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4. The art of expressing numbers by letters or figures, is called NOTATION. There are two methods of notation in use,
the Roman and the Arabic. 5. The Roman method employs seven capital letters ; viz:I, V, X, L,C,D, M. When standing alone, the letter I denotes one ; V, five; X, ten ; L, fifty ; C, one hundred ; D, five hundred ; M, one thousand. To express the intervening numbers from one to a thousand, or any number larger than a thousand, we resort to repetitions and various combinations of these letters. The method of doing this will be easily learned from the following
TABLE. I denotes one.
XXX denote thirty. II two.
forty. IIL three.
sixty. V five.
LXX seventy VI six.
LXXX eighty. VII seven.
ninety. VIII eight.
one hundred. IX nine.
one hundred and one X ten.
one hundred and ten XI eleven.
two hundred. XII twelve.
three hundred. XIII thirteen.
CCCC four hundred. XIV fourteen.
five hundred. XV fifteen.
six hundred. XVI sixteen.
DCC seven hundred. XVII seventeen.
eight hundred. XVIII eighteen.
DCCCC - nine hundred. XIX nineteen.
one thousand. XX twenty.
two thousand. XXI twenty-one.
MDCCCXLV, one thousand eight XXII twenty-two, &c.
hundred and forty-five.
Quest.-4. What is notation? How many methods are there in use? What are they? 5. What does the Roman method employ? What does each of these letters denote when standing alone? How are the intervening numbers from one to a thousand expressed? How denote Two ? Four! Six? Eight? Nine? Fourteen? Sixteen? Nineteen? Twentyfour ? Twenty-eight? What does XL denote ? LX ? XC? CX ?
N.B. Questions on this table should be varied, and be continued by the teacher till the class becomes perfectly familiar with it.
Obs. 1. The learner will perceive from the table above, that every time a letter is repeated, its value is repeated. Thus, I, standing alone, denotes one ; II, two ones, or two, &c. So X denotes ten; XX, twenty, &c.
2. When two letters of different value are joined together, if the less is placed before the greater, the value of the greater is diminished; if placed after the greater, the value of the greater is increased. Thus V denotes five; but IV denotes only four; and VI, six. So X denotes ten; IX, nine; XI, eleven, &c.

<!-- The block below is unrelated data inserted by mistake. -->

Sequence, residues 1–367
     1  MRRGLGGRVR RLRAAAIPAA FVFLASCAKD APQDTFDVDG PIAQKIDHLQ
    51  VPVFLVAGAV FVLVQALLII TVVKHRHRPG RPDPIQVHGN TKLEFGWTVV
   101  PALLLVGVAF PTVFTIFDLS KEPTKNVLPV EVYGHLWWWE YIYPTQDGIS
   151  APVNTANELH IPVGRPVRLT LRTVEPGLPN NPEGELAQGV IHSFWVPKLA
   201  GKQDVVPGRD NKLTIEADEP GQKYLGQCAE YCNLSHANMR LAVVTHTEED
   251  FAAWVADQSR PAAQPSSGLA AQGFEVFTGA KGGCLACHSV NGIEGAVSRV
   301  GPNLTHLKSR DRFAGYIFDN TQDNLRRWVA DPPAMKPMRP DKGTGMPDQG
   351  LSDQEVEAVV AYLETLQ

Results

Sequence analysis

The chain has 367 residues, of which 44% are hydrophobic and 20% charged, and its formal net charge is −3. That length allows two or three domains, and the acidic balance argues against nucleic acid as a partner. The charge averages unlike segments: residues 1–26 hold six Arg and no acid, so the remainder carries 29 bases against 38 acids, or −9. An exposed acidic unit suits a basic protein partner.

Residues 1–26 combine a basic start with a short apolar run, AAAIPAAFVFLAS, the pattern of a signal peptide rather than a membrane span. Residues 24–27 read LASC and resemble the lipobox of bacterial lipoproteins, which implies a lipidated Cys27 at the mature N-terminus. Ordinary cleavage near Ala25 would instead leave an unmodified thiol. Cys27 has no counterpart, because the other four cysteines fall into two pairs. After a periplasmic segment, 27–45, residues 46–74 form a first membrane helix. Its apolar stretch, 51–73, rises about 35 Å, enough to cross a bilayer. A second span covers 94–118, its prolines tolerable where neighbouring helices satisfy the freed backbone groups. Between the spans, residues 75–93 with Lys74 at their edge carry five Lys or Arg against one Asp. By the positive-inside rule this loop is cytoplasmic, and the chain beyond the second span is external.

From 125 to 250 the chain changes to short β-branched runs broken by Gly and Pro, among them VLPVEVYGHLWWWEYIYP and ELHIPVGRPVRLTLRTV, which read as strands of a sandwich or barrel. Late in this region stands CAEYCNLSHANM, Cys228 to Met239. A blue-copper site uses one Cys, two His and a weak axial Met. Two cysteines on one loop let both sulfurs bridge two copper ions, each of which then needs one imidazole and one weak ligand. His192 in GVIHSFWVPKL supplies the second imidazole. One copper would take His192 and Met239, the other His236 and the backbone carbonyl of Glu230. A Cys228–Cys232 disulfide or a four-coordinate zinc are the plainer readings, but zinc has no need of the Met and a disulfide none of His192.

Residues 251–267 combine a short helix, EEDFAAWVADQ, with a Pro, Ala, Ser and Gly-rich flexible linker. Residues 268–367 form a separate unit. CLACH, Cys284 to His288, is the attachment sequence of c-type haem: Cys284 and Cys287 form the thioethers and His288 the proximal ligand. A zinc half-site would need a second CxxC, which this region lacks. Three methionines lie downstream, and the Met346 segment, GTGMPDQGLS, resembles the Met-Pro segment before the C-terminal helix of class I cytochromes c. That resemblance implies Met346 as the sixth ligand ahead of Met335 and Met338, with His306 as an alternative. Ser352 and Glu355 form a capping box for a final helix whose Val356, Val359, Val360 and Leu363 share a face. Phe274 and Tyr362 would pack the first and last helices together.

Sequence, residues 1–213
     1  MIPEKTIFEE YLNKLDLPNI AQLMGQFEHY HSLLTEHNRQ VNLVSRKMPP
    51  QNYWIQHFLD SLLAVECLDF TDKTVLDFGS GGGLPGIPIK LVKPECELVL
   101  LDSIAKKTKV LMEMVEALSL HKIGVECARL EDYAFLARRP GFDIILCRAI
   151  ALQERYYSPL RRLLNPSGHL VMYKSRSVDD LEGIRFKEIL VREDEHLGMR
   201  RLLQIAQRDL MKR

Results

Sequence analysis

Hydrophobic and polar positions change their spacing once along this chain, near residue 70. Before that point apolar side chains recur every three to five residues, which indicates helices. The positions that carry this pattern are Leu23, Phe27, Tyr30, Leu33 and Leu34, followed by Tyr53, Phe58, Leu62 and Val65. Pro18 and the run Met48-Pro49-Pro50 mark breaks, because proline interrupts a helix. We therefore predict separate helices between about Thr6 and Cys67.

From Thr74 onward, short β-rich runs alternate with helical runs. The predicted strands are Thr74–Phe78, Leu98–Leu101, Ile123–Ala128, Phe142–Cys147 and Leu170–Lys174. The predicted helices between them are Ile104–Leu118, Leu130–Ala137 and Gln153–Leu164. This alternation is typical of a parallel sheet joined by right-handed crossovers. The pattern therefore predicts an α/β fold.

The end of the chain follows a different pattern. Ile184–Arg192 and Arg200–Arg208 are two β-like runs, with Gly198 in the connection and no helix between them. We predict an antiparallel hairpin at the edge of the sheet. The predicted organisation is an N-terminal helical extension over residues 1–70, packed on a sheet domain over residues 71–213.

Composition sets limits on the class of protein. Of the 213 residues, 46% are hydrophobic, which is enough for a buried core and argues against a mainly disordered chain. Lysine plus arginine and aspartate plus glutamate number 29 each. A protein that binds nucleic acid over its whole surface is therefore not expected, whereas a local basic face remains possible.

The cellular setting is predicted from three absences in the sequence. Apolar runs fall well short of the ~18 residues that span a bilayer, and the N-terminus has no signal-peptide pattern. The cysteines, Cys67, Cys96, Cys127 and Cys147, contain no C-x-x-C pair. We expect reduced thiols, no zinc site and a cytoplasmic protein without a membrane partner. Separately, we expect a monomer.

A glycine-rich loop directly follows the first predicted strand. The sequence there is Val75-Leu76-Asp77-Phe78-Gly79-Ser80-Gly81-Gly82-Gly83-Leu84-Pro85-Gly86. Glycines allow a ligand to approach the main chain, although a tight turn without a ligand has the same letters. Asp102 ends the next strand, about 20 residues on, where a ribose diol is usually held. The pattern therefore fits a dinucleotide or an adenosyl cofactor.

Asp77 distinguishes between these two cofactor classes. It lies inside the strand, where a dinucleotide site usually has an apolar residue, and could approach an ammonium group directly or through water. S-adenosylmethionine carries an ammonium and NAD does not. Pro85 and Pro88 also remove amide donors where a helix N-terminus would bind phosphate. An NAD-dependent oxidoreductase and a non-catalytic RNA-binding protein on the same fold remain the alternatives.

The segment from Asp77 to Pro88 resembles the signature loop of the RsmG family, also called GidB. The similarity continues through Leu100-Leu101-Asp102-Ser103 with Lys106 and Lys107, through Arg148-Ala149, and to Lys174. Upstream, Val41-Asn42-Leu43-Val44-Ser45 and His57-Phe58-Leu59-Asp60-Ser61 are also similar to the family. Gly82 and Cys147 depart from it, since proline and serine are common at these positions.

3. A line or bar (-) placed over a letter, increases its value a thousand times. Thus V denotes five, ï denotes five thousand ; X, ten; X, ten thousand, &c.
4. This method of expressing numbers was invented by the Romans; hence it is called the Roman Notation. It is now seldom used, except to denote chapters, sections, and other divisions of books and discourses.
6. The common method of expressing numbers is by the Arabic Notation. The Arabic method employs the following characters or figures, viz :
1 2 3 4 5 6 7 8 9 0 one, two, three, four, five, six, seven, eight, nine, zero.
The first nine are called significant figures, because each one always has a value, or denotes some number. They are also called digits, from the Latin word digitus, which signifies a finger.
The last one is called a cipher, or nought, because when standing alone it has no value, or signifies nothing.
Obs. It must not be inferred, however ,that the cipher is useless ; for when placed on the right of any of the significant figures, it increases th value. It may therefore be regarded as an auxiliary digit, whose office, it will be seen hereafter, is as important as that of any other figure in the system.
Note.—The pupil must be able to distinguish and to write these characters, before he can make any progress in Arithmetic.
7. It will be seen that nine is the greatest number that
QUEST.-Obs. What is the effect of repeating a letter? If a letter is placed before another of greater value, what is the effect? If placed after, what? When a letter has a line placed over it, how is its value affected? Why is this method of notation called Roman? To what use is it chiefly applied ? 6. How are numbers commonly expressed? How many characters does this method employ? What are their names ? What are the first nine called? Why? What else are they called ? What is the last one called? Why? Obs. Is the cipher useless? What may it be regarded?
can be expressed by any single figure. All numbers larger than nine are expressed by combining together two or more of the ten characters just explained. To express ten, for example, we combine the 1 and 0, thus 10; eleven is expressed by two ls, thus 11 ; twelve, thus 12; two tens, or twenty, thus 20 ; one hundred, thus 100, &c.
The numbers from one to a thousand are expressed in the following manner : 1, one.
81, eighty-one, &c. 2, two,
90, ninety. 3, three.
91, ninety-one, &c. 4, four.
100, one hundred. 5, five.
101, one hundred and one. 6, six.
102, one hundred and two. 7, seven.
103, one hundred and three. 8, eight.
110, one hundred and ten. 9, nine.
ill, one hundred and eleven. 10, ten.
112, one hundred and twelve. 11, eleven.
120, one hundred and twenty. 12, twelve.
130, one hundred and thirty. 13, thirteen.
140, one hundred and forty. 14, fourteen.
150, one hundred and fifty. 15, fifteen.
160, one hundred and sixty. 16, sixteen.
170, one hundred and seventy. 17, seventeen.
180, one hundred and eighty. 18, eighteen.
190, one hundred and ninety. 19, nineteen.
200, two hundred. 20, twenty.
300, three hundred. 21, twenty-one, &c.
400, four hundred. 30, thirty.
500, five hundred. 31, thirty-one, &c.
600, six hundred. 40, forty.
700, seven hundred. 41, forty-one, &c.
800, eight hundred. 50, fifty.
900, nine hundred. 51, fifty-one, &c.
990, nine hundred and ninety. 60, sixty.